One of the most notorious films of the 1980s still terrifies. Serial killer Henry serves as mentor to dim-witted fellow killer Otis and as the object of his sister’s affections. Trouble is, Henry’s heart is too hard for friendship to penetrate. Disturbing, chilling and full of knockout power, this cult classic includes a half-hour interview with writer-director John McNaughton.
Written by: Richard fire and John Mcnaughton
Directed by: John Mcnaughton
Starring: Micheal Rooker, Tom Towles and Tracy Arnold
Hell-o, True Crime buffs and all who have that darker nature to them somewhere inside. We all do. Sometimes, some hold it in better than others. Today’s killer flick is Henry: Portrait of a Serial Killer-The Director’s cut. This film is based off of the true story of Henry Lee Lucas and his partner in crime, Otis Tool. This film has been deemed a “Masterpiece of modern horror” and “The most controversial film of the decade.” Who am I to argue with that? This is one of my favorite films of all time. I tend to lean more toward the true stories or those that at least could be true. In this case, it is one hundred percent factual.
Throughout most of the beginning of the film, we see the aftermaths of the murders, with ADR(Audio Digital Recording) of the screaming victims overlapped, instead of viewing the actual murders as they took place. This is the first of it’s kind to do so and even though no on-screen murder is shown, the aftermaths are quite gruesome. You can still get a sense and mental picture of the torture endured with the screams of rage and fear overlapping the corpses of the victims.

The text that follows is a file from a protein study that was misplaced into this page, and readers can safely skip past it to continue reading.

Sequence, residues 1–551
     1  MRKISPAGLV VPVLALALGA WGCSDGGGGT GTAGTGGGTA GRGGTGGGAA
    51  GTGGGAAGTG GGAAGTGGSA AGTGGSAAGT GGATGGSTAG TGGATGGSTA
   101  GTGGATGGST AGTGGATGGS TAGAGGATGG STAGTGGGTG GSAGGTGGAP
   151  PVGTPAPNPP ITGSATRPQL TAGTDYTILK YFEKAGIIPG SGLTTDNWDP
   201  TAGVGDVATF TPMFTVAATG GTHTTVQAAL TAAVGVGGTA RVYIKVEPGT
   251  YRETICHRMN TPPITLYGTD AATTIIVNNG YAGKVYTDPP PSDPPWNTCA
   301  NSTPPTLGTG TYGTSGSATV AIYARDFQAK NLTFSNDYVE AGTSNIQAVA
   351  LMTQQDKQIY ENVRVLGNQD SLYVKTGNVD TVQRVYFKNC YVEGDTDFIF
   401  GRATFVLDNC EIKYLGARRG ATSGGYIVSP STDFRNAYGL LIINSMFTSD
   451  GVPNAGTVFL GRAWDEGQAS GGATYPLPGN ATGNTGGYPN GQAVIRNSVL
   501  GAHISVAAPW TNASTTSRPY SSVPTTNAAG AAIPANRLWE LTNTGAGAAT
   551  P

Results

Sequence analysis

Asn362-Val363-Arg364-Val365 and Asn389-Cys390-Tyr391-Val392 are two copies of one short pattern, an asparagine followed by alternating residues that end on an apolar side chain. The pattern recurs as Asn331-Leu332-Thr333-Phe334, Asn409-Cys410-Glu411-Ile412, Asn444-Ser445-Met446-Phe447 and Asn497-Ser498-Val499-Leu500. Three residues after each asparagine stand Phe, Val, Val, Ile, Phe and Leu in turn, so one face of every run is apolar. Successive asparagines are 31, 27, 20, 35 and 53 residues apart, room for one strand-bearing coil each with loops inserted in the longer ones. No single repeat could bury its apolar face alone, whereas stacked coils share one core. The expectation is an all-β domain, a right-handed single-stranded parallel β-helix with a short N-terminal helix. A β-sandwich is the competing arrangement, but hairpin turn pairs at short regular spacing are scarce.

We meet Henry, played by Michael Brooker(JFK, Days of Thunder and my personal favorite, Stephen King’s The Dark Half, where oddly enough, he plays a cop). Henry follows a woman to her home, but changes his mind when her husband comes up to greet her. He then finds a hitch-hiker on the side of the road with a guitar. He picks her up instead. He kills her and brings her guitar to his sidekick and old cell mate, Otis Tool, played by Tom Towels (The Prophecy II, House of 1,000 Corpses and The Devil’s Rejects). There, Henry meets Otis’ sister, Becky, which had just arrived from the airport. Becky is played very well by Tracy Arnold (The Borrower).